• During the month of December, precipitation totals were generally above normal in the north and below normal in the south. In southwestern Texas, conditions were quite dry with most stations reporting less than one inch of precipitation for the entire month, which is 50 percent or less of normal precipitation for most areas. Similar percentages were also observed in south central Tennessee and northeastern Mississippi. In Louisiana, the only area of above normal precipitation occurred predominately in the southeast portion of the state. In northern Arkansas, precipitation was above normal, with the highest values across the north central and northeast portions of the state.

  • In Tennessee, lower than normal precipitation in the central and eastern portions of the state allowed drought conditions to persist. As was the case last month, the severe drought conditions were concentrated in the eastern half of the state. As of the end of December, 53.8 percent of the state was in severe drought or worse, of which 46.8 percent was classified as extreme drought, and 19.9 percent as exceptional drought. Small areas of moderate drought were present in south central Texas and northwestern Oklahoma.
For more information, please go to the Southern Regional Climate Center Home Page.

Western Region: (Information provided by the Western Regional Climate Center)
  • December 2007 showed no great temperature disparities throughout the West. Northern tiers were slightly above normal while the Intermountain and Southwest were slightly below. Precipitation varied greatly with the Intermountain and Southwest well above normal and most of Montana east of the divide extremely dry. The Pacific coast region was mostly normal to slightly above.

  • Alamosa, CO, reported their wettest and snowiest December on record. Combine that with 10 days of minimum temperatures at or below -20°F (-29°C) (2nd greatest December total) and that led to a very wintry month. Many valley locations in the West were mired in strong cold air inversions. Vernal, UT, had its 6th coldest December on record dating back 78 years with many afternoons struggling to reach single digits. Grand Junction, CO, recorded their wettest December in 107 years; Lander, WY, their second wettest (and all-time snowiest); Salt Lake City their 4th wettest and 2nd snowiest; and Prescott, AZ, their wettest December in 40 years. Conversely, Helena, MT measured only 0.01 inch (0.25 mm) for the month. By the end of the month, mountain snowpack was near or above normal for most of the West except for the Sierra Nevada of California, which languished at 53% of normal.

  • An extremely powerful storm slammed into the Pacific Northwest during December 2-4. Heavy rain and strong winds produced several power outages and contributed to at least 4 deaths. Interstate 5 at Chehalis, WA, was flooded and closed for almost 2 days. Precipitation totals exceeded 14 inches (356 mm) in some areas with winds topping out at 130 mph (209 km/hr) along coastal Oregon.
For more information, please go to the Western Regional Climate Center Home Page.

Alaska: (Information provided by Audrey Rubel at NOAA NWS Alaska Region Headquarters.)
  • Heavy rains, strong onshore winds, high tide and storm surge, and potentially frozen ground contributed to flooding between Chignik Lake and Port Heiden on the Alaska Peninsula December 1-3, 2007. The ASOS rain gage at Chignik had been out of commission since November 3, 2007, so no accurate rainfall amounts are available for Chignik Lake. Three houses in the low-lying lake shore area were inundated, with one house floating off its foundation, a road culvert was damaged, and the road over the culvert was washed out. Damage estimates for this probable record flood event were nearly $700,000.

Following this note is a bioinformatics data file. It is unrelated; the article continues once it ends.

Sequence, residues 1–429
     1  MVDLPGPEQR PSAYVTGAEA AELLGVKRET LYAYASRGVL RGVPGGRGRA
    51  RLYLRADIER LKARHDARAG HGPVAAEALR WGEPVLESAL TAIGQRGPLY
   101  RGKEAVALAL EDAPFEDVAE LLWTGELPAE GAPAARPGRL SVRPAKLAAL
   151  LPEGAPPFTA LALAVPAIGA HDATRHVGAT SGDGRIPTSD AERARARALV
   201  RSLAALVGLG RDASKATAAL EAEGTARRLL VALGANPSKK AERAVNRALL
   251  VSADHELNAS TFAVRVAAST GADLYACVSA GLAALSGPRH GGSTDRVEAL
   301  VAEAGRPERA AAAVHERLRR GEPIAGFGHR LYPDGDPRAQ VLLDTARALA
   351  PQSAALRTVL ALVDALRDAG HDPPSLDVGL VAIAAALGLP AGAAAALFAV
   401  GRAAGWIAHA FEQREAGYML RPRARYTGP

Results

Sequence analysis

• National Weather Service, Natural Resource Conservation Service, and Environment Yukon snow course and telemetered snow sites indicate accumulated snow water equivalents throughout interior Alaska are generally less than half of normal for this period. Accumulations in the upper Chugach Mountains of the Kenai Peninsula are near normal, while accumulations in the Canadian Yukon River basin are slightly above normal, and snow water equivalents in the southeast Alaska panhandle are up to 150% of normal.

  • The freezing degree day accumulations through the end of December have been below normal across most of Alaska, with near normal freezing degree day accumulations near Bristol Bay and in the southeast. Kodiak Island registered 300% of normal for freezing degree days.

See NCDC's Monthly Extremes web-page for weather and climate records for the month of December. For additional national, regional, and statewide data and graphics from 1895-present, for December, the last 3 months or other periods, please visit the Climate at a Glance page.

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PLEASE NOTE: All of the temperature and precipitation ranks and values are based on preliminary data.  The ranks will change when the final data are processed, but will not be replaced on these pages.  Graphics based on final data are provided on the Climate Monitoring Products page and on the Climate at a Glance page as they become available.

Citing This Report

NOAA National Climatic Data Center, State of the Climate: National Overview for December 2007, published online January 2008, retrieved on August 2, 2014 from http://www.ncdc.noaa.gov/sotc/national/2007/12.